Google won’t actually give us a straight answer on that. They won’t reveal anything that can be traced back to an individual user. But if we tell them a hash string for a user that they know clicked an ad, and we tell them that user made a purchase, then they will update our conversion data to confirm that sale came from an ad click. This system is called Enhanced Conversion Tracking. And if we give them a big list of hashed user data they will add users who match to Customer Match audience targeting lists. Those audiences allow us to target those users in the future. Of course this only works for users who have opted in to this tracking. And those users can opt out at any point. But most don’t opt out.
We can never identify individuals with this method. But we can create audience lists of people who are on our email newsletter lists, past purchasers, and so on. And those people tend to be more valuable to advertise to over time.
Further Reading On Cookieless Tracking
Here is information on how Google uses the hashes: Google Ads Help: How Google uses Customer Match data
Here’s a brief overview of how this works for creating audiences: Google Ads Help: About the customer matching process
And here is a brief overview of their new program to enhance conversion tracking using this method: Google Ads Help: About enhanced conversions
This system is a great way to improve conversion tracking and improve the results of ad campaigns. As blocking becomes more common, we’re losing key information about which actions lead to sales that is core to the ongoing optimization of ad accounts. Without these systems, measured sales under report what is actually going on. If we can improve that accuracy as much as possible, it helps in being more efficient both with achieving returns as well as accurately reporting on those results. Even small improvements in conversion tracking can lead to a significant increase in performance over time due to a compounding snowball effect.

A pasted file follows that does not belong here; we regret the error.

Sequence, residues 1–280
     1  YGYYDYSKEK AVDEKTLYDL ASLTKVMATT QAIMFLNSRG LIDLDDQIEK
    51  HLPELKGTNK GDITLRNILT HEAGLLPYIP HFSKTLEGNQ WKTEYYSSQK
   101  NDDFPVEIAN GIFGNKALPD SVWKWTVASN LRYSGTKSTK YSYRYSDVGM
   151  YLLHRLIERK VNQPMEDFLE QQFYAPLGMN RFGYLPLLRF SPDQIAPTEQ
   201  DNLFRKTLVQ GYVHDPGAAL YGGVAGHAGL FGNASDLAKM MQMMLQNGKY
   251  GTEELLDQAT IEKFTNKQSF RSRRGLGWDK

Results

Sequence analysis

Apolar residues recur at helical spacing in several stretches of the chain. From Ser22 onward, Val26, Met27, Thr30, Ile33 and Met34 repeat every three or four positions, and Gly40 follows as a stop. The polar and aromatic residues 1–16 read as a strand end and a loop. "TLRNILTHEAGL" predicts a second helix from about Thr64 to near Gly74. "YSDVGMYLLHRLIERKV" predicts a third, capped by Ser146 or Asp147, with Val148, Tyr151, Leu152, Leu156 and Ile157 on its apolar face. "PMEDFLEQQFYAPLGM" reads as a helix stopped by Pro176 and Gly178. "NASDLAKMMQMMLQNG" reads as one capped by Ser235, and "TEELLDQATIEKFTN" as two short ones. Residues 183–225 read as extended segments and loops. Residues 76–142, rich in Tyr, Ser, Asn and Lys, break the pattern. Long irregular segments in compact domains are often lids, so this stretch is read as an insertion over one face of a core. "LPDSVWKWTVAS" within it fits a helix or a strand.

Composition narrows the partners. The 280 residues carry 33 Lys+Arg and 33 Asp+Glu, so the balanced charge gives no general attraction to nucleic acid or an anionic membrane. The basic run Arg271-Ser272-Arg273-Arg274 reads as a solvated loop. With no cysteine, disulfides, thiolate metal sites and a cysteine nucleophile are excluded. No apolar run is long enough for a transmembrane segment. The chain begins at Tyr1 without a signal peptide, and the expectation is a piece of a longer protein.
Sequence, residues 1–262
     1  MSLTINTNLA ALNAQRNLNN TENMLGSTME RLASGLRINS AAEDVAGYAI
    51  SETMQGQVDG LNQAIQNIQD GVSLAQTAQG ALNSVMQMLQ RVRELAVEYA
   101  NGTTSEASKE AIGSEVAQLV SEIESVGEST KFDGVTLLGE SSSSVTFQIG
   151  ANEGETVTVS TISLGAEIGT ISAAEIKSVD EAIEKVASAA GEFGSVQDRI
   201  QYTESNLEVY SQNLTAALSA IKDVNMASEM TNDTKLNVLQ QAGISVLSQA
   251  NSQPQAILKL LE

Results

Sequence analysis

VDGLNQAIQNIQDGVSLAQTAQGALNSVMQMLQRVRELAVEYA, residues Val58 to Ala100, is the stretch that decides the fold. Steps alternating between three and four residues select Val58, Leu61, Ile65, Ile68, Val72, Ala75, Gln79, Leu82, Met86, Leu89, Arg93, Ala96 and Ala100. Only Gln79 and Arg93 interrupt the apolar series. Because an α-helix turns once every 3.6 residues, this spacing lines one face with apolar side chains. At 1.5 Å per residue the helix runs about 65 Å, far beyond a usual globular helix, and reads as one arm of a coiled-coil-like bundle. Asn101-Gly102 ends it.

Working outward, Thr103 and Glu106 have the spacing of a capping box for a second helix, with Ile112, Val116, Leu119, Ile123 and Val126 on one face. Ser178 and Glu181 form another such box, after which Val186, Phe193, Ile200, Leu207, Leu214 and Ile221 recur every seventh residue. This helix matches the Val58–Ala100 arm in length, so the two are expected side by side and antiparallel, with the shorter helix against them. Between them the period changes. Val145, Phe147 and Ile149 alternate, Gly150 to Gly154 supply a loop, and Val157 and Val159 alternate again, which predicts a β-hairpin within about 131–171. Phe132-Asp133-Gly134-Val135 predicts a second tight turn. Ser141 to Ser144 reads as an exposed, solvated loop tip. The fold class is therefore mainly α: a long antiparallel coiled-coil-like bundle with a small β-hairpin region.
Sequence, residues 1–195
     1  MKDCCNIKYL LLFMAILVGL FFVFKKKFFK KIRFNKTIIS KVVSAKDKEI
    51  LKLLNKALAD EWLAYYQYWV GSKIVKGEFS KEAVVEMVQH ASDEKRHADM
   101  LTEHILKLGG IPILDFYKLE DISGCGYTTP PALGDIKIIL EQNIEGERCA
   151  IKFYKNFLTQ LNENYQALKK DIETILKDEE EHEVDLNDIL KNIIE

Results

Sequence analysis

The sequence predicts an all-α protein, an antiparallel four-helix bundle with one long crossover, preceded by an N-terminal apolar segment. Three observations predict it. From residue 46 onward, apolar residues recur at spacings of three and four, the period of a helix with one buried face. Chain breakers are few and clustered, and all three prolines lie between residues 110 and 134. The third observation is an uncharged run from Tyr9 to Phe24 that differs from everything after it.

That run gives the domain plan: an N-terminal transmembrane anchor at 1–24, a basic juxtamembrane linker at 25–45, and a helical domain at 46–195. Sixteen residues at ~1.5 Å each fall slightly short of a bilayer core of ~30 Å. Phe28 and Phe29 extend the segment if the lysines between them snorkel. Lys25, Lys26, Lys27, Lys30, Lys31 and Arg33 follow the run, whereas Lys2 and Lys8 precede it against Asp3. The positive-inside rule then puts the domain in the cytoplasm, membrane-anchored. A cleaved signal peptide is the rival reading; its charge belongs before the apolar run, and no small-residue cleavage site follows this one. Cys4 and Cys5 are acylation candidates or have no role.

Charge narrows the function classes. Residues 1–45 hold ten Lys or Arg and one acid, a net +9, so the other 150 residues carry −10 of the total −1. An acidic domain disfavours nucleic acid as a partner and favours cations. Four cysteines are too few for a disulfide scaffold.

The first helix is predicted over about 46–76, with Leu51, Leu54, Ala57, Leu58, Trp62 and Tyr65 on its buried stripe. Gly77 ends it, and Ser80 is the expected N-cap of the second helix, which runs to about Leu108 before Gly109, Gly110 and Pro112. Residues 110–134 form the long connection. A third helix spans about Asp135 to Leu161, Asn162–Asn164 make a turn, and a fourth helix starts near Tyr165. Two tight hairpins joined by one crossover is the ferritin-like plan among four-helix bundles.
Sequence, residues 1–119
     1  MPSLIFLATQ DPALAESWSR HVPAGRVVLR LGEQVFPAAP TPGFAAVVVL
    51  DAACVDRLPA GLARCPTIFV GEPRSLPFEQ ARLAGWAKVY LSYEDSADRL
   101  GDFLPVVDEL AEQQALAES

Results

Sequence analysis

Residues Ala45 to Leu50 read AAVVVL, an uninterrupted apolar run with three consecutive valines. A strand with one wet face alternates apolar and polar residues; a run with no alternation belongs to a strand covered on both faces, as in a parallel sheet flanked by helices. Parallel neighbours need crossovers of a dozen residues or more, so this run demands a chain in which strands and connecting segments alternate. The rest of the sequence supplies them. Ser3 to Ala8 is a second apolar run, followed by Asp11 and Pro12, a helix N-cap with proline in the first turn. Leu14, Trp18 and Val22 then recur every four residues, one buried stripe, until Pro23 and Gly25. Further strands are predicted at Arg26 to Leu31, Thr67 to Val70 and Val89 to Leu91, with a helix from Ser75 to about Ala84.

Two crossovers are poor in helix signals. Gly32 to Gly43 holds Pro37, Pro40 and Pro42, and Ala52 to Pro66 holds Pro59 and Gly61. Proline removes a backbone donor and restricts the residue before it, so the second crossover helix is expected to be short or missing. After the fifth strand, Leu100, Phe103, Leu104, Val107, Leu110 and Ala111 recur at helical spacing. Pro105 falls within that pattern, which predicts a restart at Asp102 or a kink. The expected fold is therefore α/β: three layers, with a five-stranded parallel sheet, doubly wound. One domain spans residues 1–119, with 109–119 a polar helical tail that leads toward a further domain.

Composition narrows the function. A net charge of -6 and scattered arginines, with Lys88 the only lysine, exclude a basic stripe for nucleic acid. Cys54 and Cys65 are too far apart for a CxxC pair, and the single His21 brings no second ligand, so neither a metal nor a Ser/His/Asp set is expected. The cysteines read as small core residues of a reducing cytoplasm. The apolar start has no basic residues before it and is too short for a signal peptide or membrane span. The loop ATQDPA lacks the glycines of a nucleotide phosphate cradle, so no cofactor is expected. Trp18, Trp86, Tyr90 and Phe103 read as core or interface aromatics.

But also, many competitors are not using cookieless tracking because there is more complexity involved in these integrations. So, there’s a competitive advantage aspect to this as well. If we have better information for bidding in the ad auctions, we can outperform competitors who don’t set-up these systems. We can gradually push their results down as ours go up. Getting as many of these systems set-up as soon as possible is key to building a longer-term strategic advantage.
Google will start blocking a small share of third party cookies in the Chrome browser in Q1 of 2024. They will phase out all third party cookies by the end of 2024.
You want to have Google Customer Match audiences set up now. And you want to have Google’s Enhanced Conversion Tracking set up now. These systems have equivalent versions with slightly different names on all of the major ad platforms. So you will need to set up every ad platform separately.
Do you know if these systems are already set up on your ad accounts? If not, talk to your staff and talk to your ad agency. Make sure you’re up to speed on these issues. Many of your competitors are lagging behind the curve, but they are going to come around. The sooner you get this right, the more profitable your advertising efforts will be.
Would you would like to work with an ecommerce-focused ad agency that stays ahead of the curve on issues like cookieless tracking? Consider getting in touch with us to see if there’s a fit.